Poor rehab programmes a threat to forest dwellers

Thammaya and Basamma Malekudiya in Parapal Village, Narhe Grama Panchayat. -Photo/ Govindraj Javali

The woes of tribal communities, whether they are relocated from the forest or are staying in the forest, seem to be never-ending. A decade ago, Puttanna Malekudiya, a tribal activist, was in the forefront of a campaign opposing the State government’s move to rehabilitate tribal people residing in the forest. The harassment by forest officials forced him to compromise over his stand and relocate from Navoor, one of the hamlets within the Kudremukh National Park (KNP). Puttanna, today, has become a pale shadow of his former self.

Puttanna’s woes began when his family refused to share the compensation received from the government. The cash windfall resulted in the disintegration of a joint family culture. His application seeking title deed (evidence of legal ownership of land provided by the government) for his plot in Nallur Gram Panchayat in Karkala taluk, to where he was relocated, was rejected.

“Gram panchayat and gram sabha said his land was located in deemed forest area,” informs his neighbour Vasanthi Malekudiya who was relocated from Kuthlur in KNP. But, the same committee had issued title deeds to the members from the Koraga community who were residing in the same area, she adds.

“Village Forest Committee or Grama Sabhas are constituted in a manner such that no one speaks about the rights of tribals in the forest,” informs R V Chandrashekar Ramenahalli of Centre for Study of Social Exclusion and Inclusive Policy, National Law School of India University (NLSIU), Bengaluru, who has conducted extensive studies on the rehabilitation and re-settlement of tribal communities in Karnataka.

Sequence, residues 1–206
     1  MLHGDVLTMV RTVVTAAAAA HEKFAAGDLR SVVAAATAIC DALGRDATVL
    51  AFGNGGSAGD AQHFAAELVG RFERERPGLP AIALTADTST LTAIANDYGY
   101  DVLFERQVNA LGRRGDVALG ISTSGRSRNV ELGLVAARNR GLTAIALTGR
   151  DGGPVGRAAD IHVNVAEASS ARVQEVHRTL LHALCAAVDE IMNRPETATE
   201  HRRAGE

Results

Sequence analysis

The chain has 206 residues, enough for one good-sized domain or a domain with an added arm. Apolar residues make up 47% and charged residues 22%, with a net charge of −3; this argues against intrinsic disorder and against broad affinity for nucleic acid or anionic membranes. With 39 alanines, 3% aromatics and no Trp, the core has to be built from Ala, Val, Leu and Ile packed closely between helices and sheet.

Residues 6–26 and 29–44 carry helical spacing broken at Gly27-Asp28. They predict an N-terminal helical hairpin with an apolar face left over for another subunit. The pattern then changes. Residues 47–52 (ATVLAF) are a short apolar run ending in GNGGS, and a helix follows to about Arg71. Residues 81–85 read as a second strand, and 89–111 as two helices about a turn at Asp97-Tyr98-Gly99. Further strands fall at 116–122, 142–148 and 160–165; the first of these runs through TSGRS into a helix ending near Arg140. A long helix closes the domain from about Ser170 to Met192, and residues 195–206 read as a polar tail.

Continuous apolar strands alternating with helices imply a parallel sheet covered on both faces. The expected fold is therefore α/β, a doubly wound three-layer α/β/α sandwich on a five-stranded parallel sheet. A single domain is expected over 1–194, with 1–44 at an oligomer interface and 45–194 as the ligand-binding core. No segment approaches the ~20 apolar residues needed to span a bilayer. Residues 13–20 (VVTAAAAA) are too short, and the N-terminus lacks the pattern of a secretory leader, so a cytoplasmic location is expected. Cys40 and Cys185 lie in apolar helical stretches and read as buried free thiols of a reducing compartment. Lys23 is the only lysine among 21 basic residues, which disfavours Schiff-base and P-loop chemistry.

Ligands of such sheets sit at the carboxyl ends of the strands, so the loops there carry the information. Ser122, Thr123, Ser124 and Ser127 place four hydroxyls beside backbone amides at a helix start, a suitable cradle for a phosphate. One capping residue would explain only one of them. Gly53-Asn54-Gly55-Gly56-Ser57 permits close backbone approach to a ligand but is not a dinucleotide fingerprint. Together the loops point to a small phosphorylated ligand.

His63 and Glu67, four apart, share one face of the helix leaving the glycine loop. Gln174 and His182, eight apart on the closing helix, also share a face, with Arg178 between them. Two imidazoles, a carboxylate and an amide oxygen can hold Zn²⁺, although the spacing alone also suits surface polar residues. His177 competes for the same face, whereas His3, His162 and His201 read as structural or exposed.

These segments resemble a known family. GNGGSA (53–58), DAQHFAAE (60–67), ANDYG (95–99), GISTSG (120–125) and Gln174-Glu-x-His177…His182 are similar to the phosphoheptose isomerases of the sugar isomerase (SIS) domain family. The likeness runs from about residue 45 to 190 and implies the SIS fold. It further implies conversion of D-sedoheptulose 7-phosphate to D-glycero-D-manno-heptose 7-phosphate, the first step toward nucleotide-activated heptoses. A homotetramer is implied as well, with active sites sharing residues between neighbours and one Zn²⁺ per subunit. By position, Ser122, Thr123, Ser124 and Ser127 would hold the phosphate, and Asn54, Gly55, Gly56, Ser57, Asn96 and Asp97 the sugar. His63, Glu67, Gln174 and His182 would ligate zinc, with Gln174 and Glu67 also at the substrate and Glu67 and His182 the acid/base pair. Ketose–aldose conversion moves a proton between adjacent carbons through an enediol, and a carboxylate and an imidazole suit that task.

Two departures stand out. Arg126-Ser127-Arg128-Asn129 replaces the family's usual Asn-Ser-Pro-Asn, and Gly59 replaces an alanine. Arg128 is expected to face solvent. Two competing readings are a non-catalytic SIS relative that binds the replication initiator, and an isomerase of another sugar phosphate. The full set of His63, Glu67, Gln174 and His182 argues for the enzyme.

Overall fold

Thus without a title deed, Puttanna was also denied door number, electricity and other basic facilities. Puttanna’s debts mounted as he was forced to dig a well by borrowing nearly Rs one lakh at a hefty interest from money lenders. “As the panchayat supplies water once in 45 days, I had to take a loan and dig the well,” he said.

Dinesh and Krishnappa Malekudiya who relocated to Kukkujebail in Shirlalu Gram Panchayat reveal being neck-deep in debt. “The entire compensation amount was spent on making the land cultivable. My application for a borewell under the Ganga Kalyana yojana is pending with the panchayat for years,” Krishnappa rues. His neighbour Vishwanath who relocated to a village near Peradka ended up buying a land that was registered in the name of another buyer.

Chandrashekar says National Commission for Scheduled Tribes had declared that alienation of land was a loss of the economic right to a tribal. Thus each tribal family under the FRA was entitled to a minimum of two to four hectares of cultivable land. As much as 30% of 1.5 lakh tribals residing in the forests across the state had been rehabilitated so far and not one of them had received four hectares of land, he told DH.

Sources in the Forest Department said 227 families residing in KNP (covering Dakshina Kannada, Udupi and Chikkamagaluru districts) were rehabilitated and Rs 68.95 cr was paid as compensation (until 2017). Karnataka Rajya Malekudiya Sangha General Secretary, Gangadhar Idu says, nearly 80% of the tribals relocated from KNP are in a pathetic state and are struggling for survival.